Illinois motorized bicycle laws.
State laws allow their citizens and residents without licenses to ride low-speed electric bicycles.
According to Illinois law, low speed electric bicycles are bicycles with fully functional pedals and with a motor under 750 Watts. The law further differentiates low speed bicycles into three classes.
Electric bicycles that provide the rider with assistance only if the rider is pedaling and ceases the assistance when the bike reaches 20 mph. The motor stops if the rider is not pedaling or the bike reaches the limit of 20 mph.
An electric bike equipped with a throttle actuated motor that directly does not require the rider to pedal in order to activate the motor. The motor may be used exclusively to power the bike but like the Class 1, stops assistance when the bike reaches 20 mph.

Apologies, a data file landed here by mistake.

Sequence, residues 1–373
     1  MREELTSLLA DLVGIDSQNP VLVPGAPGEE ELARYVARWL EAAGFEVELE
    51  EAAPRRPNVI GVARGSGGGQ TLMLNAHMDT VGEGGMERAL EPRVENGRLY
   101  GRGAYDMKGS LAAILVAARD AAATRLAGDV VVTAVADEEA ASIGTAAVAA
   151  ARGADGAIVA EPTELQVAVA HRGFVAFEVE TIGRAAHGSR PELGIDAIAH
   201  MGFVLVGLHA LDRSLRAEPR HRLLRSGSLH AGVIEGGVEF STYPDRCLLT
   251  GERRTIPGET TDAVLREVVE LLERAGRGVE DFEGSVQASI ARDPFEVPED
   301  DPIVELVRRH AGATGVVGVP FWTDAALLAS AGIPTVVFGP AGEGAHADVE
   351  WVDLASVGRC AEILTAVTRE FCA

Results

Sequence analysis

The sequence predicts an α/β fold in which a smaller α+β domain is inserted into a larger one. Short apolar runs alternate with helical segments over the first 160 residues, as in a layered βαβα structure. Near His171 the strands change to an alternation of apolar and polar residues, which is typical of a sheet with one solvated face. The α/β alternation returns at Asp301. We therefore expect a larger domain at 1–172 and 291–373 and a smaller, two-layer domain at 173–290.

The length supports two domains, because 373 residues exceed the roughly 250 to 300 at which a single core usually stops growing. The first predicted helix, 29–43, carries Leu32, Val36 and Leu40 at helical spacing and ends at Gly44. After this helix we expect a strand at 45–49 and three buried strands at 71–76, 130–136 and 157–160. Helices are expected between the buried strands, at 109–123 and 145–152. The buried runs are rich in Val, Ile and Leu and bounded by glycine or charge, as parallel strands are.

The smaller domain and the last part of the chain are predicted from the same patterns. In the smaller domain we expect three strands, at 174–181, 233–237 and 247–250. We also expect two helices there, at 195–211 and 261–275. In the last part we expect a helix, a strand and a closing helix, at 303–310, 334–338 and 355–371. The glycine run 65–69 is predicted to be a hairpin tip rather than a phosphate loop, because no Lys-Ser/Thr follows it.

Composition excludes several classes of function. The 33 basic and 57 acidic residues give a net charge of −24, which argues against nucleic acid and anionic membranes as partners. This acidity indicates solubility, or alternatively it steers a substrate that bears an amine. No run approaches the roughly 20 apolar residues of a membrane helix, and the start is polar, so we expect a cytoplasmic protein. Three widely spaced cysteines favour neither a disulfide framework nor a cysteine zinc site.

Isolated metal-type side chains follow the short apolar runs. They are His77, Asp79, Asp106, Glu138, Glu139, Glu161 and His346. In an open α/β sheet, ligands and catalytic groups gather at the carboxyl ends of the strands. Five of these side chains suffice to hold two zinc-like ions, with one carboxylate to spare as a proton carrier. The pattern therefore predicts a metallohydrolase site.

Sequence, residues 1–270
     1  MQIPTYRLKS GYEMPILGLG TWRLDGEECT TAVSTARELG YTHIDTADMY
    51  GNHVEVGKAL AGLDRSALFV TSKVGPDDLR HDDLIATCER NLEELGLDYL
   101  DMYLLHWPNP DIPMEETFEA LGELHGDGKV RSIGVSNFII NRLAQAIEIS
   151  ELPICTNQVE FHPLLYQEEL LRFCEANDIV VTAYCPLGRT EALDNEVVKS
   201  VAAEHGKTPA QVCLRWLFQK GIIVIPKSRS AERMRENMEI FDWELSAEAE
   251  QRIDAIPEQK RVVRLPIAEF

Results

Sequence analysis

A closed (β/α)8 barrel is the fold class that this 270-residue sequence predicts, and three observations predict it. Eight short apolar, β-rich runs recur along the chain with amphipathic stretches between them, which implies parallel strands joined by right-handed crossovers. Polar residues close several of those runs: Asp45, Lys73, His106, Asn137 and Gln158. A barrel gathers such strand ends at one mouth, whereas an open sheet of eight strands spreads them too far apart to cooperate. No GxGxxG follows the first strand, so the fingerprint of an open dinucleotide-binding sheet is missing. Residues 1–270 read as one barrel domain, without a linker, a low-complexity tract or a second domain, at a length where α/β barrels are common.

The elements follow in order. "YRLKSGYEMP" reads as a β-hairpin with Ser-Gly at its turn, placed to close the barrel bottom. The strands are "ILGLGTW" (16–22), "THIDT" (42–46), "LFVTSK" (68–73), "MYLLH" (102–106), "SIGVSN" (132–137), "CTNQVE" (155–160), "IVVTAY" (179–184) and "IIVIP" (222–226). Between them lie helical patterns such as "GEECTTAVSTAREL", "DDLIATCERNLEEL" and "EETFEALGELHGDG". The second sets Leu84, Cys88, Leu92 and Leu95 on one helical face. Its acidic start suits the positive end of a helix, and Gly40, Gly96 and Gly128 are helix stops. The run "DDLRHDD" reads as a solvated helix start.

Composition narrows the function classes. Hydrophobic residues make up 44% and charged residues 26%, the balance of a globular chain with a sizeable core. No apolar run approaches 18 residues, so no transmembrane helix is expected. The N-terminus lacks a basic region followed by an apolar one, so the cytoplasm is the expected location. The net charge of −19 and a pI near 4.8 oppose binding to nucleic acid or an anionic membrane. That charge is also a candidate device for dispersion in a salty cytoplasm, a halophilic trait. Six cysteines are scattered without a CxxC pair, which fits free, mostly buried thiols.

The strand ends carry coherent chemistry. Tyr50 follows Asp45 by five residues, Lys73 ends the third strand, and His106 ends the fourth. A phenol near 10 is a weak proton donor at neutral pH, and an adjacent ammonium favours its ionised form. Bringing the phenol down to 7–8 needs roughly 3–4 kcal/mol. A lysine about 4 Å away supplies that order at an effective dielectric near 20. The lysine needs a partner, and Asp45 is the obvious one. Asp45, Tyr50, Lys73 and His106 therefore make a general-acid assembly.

The rider must pedal for the motor to provide with the assistance similar to Class 1 bikes but unlike Class 1, the motor ceases the operation when the bike reaches 28 mph.
The Illinois statute requires Class 3 electric bicycles to have a speedometer and the rider must be at least 16 years of age.
All three class low electric bikes may be operated in Illinois just like traditional bicycles but may have some restrictions depending on local laws.
Where can you ride your electric bicycle?
Electric bicycles are subject to the same statewide rules that apply to traditional bicycles according to the law. You can ride your e-bike anywhere that currently allows traditional bicycles including bike paths, as long as it’s not prohibited by local laws.
Note that you can not ride your electric bike on a sidewalk.
E-bikes are subject to all the rules of the road including traffic signs and speed limits.